Q: Why is chlorine produced?

A: It is not an exaggeration to say that chlorine and chlorine chemistry—the use of chlorine in chemical processes—are essential to everyday life. Chlorine is used in a vast range of chemical processes to create thousands of often indispensable products. While perhaps best known for its role in providing clean drinking water, chlorine chemistry also helps provide energy-efficient building materials, electronics, fiber optics, solar energy cells, 93 percent of life-saving pharmaceuticals, 86 percent of crop protection compounds, medical plastics, and much more. In most of these applications, there are no viable substitutes for chlorine.

Q: How is chlorine produced?

A: Chlorine is produced from one of nature’s most plentiful and inexhaustible minerals—common salt, sodium chloride. Yes, the same white solid you sprinkle on your baked potato!

Chlorine is produced using the “chlor-alkali process.” In this process, electricity is applied to a solution of salt water, or brine. The electricity separates sodium from chloride. Chlorine gas, hydrogen gas and caustic soda (sodium hydroxide) solution are the “co-products” of the chlor-alkali process. Chlorine and caustic soda are building block compounds for thousands of useful products. Hydrogen can be recycled into the chlor-alkali process as a zero-emission fuel.

Q: How much chlorine is produced in the United States?

A: According to The Chlorine Institute statistics, in 2010, the U.S. chlor-alkali industry produced 11.6 million short tons of chlorine and 12.2 million short tons of caustic soda (sodium hydroxide).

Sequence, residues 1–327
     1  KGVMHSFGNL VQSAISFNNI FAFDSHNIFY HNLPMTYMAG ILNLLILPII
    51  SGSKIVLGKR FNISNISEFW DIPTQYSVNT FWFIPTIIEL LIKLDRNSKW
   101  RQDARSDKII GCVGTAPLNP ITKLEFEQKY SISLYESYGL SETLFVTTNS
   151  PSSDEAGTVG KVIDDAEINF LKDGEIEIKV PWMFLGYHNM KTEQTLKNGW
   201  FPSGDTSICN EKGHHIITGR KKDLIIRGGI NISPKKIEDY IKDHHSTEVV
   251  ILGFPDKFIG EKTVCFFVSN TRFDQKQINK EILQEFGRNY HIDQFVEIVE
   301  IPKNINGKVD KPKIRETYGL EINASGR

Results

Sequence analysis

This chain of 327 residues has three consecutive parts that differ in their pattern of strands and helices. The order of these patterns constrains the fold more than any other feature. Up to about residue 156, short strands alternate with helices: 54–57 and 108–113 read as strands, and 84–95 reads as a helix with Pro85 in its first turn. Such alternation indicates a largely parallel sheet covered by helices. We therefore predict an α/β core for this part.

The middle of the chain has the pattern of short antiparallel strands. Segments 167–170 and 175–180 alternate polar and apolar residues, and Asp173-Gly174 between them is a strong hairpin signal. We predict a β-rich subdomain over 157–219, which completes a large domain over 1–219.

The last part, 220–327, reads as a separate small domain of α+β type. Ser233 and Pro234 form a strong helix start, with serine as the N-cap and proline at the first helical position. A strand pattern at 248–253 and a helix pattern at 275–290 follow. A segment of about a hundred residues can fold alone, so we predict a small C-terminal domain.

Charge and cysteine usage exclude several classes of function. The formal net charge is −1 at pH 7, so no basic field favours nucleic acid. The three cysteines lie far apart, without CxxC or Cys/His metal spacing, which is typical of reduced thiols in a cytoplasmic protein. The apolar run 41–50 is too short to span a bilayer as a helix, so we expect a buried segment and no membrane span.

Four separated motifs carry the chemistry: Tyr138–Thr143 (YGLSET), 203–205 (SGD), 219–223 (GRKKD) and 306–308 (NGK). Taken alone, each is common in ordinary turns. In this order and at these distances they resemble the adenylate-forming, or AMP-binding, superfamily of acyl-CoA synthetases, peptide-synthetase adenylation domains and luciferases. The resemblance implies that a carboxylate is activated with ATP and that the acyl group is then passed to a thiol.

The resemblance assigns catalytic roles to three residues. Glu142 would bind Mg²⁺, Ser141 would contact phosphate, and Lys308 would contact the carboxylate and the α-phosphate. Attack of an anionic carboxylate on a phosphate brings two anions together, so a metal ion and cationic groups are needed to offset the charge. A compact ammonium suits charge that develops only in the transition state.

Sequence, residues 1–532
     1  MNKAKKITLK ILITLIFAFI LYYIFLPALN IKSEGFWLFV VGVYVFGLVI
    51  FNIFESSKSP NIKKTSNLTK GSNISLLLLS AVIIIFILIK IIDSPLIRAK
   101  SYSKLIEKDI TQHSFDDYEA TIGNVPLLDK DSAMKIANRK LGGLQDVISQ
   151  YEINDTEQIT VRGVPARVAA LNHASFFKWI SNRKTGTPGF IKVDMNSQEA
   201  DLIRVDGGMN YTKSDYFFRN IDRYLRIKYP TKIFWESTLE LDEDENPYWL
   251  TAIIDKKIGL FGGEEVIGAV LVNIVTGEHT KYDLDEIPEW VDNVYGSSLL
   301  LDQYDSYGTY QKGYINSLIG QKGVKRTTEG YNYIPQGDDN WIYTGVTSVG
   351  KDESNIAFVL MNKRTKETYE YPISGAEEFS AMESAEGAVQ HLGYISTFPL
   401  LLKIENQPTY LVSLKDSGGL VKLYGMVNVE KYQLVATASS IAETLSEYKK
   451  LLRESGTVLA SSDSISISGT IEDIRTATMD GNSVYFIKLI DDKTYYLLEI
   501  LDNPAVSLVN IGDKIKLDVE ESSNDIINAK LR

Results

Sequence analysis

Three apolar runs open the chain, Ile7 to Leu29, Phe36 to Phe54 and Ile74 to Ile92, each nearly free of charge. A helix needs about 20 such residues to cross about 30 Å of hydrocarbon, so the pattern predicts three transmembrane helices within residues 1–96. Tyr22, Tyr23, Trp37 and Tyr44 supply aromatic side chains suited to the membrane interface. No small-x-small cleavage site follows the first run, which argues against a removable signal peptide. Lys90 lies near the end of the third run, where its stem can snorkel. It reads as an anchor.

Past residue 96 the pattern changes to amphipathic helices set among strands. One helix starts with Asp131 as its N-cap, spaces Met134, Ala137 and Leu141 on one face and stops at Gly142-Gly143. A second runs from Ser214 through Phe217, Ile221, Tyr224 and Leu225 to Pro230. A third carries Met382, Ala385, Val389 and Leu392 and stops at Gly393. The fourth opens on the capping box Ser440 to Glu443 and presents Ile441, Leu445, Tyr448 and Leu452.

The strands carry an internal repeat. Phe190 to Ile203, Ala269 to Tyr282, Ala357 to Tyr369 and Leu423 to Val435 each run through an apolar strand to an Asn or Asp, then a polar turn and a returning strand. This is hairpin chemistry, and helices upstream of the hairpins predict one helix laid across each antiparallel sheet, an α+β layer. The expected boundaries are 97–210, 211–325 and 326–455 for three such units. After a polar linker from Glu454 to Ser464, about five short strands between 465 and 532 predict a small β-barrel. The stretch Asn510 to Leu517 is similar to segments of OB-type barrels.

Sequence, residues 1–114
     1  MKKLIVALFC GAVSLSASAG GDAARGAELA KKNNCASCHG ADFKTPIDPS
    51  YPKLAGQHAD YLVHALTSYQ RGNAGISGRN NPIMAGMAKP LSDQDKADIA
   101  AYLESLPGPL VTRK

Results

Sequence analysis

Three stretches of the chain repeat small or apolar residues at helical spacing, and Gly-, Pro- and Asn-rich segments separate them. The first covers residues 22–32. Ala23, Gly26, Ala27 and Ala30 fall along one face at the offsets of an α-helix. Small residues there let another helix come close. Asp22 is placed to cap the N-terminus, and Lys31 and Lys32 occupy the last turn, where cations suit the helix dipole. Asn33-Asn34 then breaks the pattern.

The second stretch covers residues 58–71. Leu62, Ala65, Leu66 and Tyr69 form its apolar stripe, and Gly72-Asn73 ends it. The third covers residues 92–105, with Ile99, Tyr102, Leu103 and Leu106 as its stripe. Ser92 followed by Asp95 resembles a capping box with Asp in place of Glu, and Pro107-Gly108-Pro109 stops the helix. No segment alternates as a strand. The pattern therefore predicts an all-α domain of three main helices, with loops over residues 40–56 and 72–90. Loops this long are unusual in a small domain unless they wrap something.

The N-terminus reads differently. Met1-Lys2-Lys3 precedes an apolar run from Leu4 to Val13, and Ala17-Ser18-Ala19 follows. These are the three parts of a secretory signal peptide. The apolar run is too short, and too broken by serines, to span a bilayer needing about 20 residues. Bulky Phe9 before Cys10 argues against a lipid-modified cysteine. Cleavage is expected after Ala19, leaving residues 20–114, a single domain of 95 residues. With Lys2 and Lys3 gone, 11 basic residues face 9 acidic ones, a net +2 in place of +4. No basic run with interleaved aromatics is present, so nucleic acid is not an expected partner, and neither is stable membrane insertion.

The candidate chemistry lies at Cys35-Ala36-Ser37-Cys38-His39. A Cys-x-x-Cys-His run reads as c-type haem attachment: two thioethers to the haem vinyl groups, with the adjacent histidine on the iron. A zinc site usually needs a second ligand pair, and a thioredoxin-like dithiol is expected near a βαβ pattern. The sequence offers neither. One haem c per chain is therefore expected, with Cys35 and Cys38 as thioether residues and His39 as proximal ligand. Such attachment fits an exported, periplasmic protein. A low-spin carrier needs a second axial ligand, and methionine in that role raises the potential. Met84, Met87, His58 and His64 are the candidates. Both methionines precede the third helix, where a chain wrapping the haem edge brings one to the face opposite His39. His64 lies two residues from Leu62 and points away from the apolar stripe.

Q: What are the main uses of chlorine produced in the United States?

A: Approximately 40 percent of chlorine produced in the United States is used to make polyvinyl chloride (PVC or vinyl)—a versatile plastic found in such diverse products as prosthetic limbs and energy-saving windows. Another 37 percent of chlorine produced in North America is used to produce basic organic chemicals needed for manufacturing, and solvents for metalworking, dry cleaning, and electronics. Other large uses of chlorine include producing hydrochloric acid for myriad chemical processes and titanium dioxide, a popular white pigment.

Comparatively small amounts of chlorine are used for significant impact. For example, roughly four percent of North American chlorine is used for water treatment—a pervasive use that helps protect the public from serious waterborne diseases like cholera and typhoid fever. Similarly, a very small percentage of chlorine produced is used to help manufacture over 93 percent of pharmaceuticals sold in the U.S. These include medicines that help patients manage heart and respiratory disease, ulcers, anemia and depression.

Q: What is the economic contribution of the chlor-alkali industry to the United States?

A: The chlor-alkali industry, with annual sales of over $8 billion, directly employs approximately 20,000 American workers, earning a total of about $1.3 billion per year. Another estimated 40,000 workers are employed in chlorine-related chemistries, manufacturing products such as PVC resin, the powdered form of PVC used with other ingredients to produce everything from water pipes to medical equipment; titanium dioxide, a ubiquitous white pigment used in paints, coatings and cosmetics; and hypochlorite bleaches, used for whitening and disinfection. Their wages total approximately $2.8 billion per year. Annual sales of these products total approximately $38 billion. Learn more…

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